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The Menopause Exchange Blog


The following ‘Ask the Experts’ questions were sent in to The Menopause Exchange by our members, the answers were provided by our ‘Ask the Experts’ panel and included in issue 75 (winter 2017/18) and issue 76 (spring 2018) of The Menopause Exchange newsletter. If you would like to read the questions and answers in the latest issue of The Menopause Exchange newsletter sign up for FREE emailed newsletters.

If I come off HRT, how likely is it that my hot flushes will return? If they do come back, what should I do?
Dr Kathryn Clement, consultant in sexual and reproductive healthcare, replies:

Unfortunately, some women’s hot flushes do come back when they stop their HRT, but this isn’t the case for everyone. Hopefully if you’re a bit older when you stop the HRT, you’ll find that your symptoms aren’t as troublesome. For many women, the symptoms are easier to cope with. Most women find that their hot flushes do improve over the first few months after stopping HRT, as they get used to being without the medicine. It’s sensible to stop HRT gradually rather than suddenly, and you should talk to your HRT provider about ways of doing this. It’s also sensible to choose a calmer time of your life to stop the HRT, e.g. not just before an important event. Many women choose to come off their HRT once they’ve retired, when life is easier. If you do find it difficult without HRT, I would recommend that you persevere for several months before going back to your GP to discuss your options. Many options are available, including trying non-hormonal preparations, or perhaps trying a lower dose of HRT for a bit longer before stopping completely.

My daughter has endometriosis. Can you tell me about this condition and how it can be treated?
Dr Jenifer Worden, GP, replies:

Endometriosis is the name given to the presence of tissue from a woman’s uterine lining (endometrium) outside her uterus (e.g. around her ovaries, fallopian tubes, pelvis and in or around her bowel). Each time she has a period, she bleeds from her normal endometrium and from the external sites. If these are in her bowel, this may cause rectal bleeding. If her ovaries or fallopian tubes are affected, the blood can’t escape and can build up into painful cysts (‘chocolate cysts’). Periods are normally heavy and more painful at the middle and end, rather than at the beginning. Treatment through a specialist gynaecologist involves surgery to remove the external endometrium or medicines to stop periods until the endometrium becomes inactive. Endometriosis normally resolves after the menopause.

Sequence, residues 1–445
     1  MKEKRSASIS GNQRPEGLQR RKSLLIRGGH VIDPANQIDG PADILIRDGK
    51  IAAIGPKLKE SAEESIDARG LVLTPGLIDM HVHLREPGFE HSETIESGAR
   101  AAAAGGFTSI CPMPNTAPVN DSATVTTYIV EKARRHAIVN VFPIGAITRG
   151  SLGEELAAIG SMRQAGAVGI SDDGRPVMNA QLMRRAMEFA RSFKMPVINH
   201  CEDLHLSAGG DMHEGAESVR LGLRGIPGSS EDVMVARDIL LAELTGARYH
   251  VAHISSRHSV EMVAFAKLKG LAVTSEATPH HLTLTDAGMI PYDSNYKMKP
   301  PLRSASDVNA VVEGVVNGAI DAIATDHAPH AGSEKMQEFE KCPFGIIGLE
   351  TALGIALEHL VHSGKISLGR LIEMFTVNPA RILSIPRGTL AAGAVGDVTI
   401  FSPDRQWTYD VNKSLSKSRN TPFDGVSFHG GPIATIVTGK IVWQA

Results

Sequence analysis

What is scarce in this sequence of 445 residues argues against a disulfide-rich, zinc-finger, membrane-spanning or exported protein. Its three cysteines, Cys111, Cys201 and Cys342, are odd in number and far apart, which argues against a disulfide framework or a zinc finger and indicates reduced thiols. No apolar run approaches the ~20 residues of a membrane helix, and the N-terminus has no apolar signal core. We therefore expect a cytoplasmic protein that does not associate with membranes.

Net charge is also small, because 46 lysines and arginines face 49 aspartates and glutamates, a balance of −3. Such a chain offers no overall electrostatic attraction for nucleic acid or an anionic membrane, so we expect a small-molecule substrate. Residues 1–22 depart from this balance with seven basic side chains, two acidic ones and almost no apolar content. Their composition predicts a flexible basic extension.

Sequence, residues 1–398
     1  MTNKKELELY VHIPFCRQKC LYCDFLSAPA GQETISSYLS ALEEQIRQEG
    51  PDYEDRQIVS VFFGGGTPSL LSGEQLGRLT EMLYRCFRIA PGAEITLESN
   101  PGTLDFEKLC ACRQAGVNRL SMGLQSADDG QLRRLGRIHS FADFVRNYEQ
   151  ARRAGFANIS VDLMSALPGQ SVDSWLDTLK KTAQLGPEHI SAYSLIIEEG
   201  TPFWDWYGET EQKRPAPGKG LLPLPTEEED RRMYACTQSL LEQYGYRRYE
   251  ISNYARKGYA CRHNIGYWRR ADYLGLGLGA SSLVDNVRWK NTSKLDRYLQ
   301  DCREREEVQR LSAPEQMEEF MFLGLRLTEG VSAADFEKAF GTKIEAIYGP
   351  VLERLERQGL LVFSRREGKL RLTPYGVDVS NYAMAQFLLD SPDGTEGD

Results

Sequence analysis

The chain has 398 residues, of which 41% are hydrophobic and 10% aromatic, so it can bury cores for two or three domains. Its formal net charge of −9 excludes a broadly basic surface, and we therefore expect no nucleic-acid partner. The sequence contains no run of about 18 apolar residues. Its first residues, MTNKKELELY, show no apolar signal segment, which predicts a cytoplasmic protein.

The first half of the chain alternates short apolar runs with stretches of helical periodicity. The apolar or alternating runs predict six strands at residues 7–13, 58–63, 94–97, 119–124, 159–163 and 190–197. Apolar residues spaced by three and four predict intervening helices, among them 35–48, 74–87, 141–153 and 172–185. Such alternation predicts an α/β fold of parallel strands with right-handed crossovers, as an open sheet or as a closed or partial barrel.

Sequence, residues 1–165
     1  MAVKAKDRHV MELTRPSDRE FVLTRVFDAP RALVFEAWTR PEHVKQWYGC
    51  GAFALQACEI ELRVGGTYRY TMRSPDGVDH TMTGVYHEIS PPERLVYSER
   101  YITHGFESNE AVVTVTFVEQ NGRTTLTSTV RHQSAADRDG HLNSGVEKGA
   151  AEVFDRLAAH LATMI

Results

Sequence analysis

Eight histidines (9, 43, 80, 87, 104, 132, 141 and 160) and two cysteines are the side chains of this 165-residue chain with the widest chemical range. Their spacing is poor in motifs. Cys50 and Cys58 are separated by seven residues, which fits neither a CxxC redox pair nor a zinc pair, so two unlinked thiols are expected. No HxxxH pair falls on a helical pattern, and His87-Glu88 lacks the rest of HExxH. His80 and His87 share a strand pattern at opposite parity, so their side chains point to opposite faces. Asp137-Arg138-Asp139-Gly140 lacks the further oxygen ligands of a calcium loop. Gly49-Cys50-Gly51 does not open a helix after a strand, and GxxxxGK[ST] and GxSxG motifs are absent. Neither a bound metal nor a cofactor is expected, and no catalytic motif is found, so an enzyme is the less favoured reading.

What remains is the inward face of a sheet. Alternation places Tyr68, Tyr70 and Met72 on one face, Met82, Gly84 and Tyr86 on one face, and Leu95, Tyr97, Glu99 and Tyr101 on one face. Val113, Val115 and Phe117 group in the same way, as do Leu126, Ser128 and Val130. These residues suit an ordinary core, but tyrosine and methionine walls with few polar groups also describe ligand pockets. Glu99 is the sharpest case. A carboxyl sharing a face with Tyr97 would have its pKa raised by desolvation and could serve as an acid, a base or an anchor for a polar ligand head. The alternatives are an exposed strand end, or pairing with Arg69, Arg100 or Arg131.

Can bio-identical hormones help to ease menopausal symptoms?
Dr Sarah Gray, GP, replies:

The short answer is ‘yes’. Menopausal symptoms are caused by a deficiency of naturally produced hormones, particularly oestrogen. Replacing the oestrogen should relieve the symptoms. The most effective products are those that most closely resemble what’s missing. The longer answer cautions against using products that are promoted as bio-identical but are compounded and not standardised or regulated. There are no controls or safety standards in relation to these products.

If you seek body identical HRT, approved patches and gels can be used. These contain 17 beta-oestradiol identical to that produced in the ovaries and delivered into the circulation. Micronised progesterone is available on NHS prescription. This can be used with oestrogen if you need to protect your uterine lining.

How long do menopausal symptoms last?
Kathy Abernethy, senior nurse specialist, replies:

There’s no way to predict this. Many women get very few symptoms at all. Others have quite bothersome symptoms but the duration varies. Two to three years is quite common, but a few women have menopausal symptoms for around five years (not always troublesome). A few women continue to have menopausal symptoms for much longer than this, and occasionally the symptoms can continue for 10 years or more. More long-term symptoms such as vaginal dryness can worsen in the years after the menopause and continue indefinitely if left untreated.

I read with interest the article on ‘Vegetarian and vegan diets’ in issue 73 of The Menopause Exchange newsletter. Can you tell me more about calcium-fortified products and fish oil supplements?
Gaynor Bussell, dietitian, replies:

It’s unusual to fortify foods with calcium but non-dairy milks (e.g. almond and soya milk) are fortified to bring them back to the calcium level of cow’s milk. Organic milks, however, aren’t fortified. Dairy is by far the best source of calcium. An equivalent of a pint of milk a day (e.g. 1/3 pint of milk, a matchbox-sized piece of cheese and a yoghurt), provides all the calcium you need. If you can’t have dairy, then the fortified milks can supply the equivalent. Dark green vegetables, tinned sardines/salmon mashed with their bones, dried fruit and beans are other good sources but not as high as dairy.

As for fish oil supplements, supermarket 1000mg brands containing 300mg EPA/DHA (the recommended fish oils) are good. Go for high strength ones or take the equivalent of the lower strength ones to get 300mg EPA/DHA.

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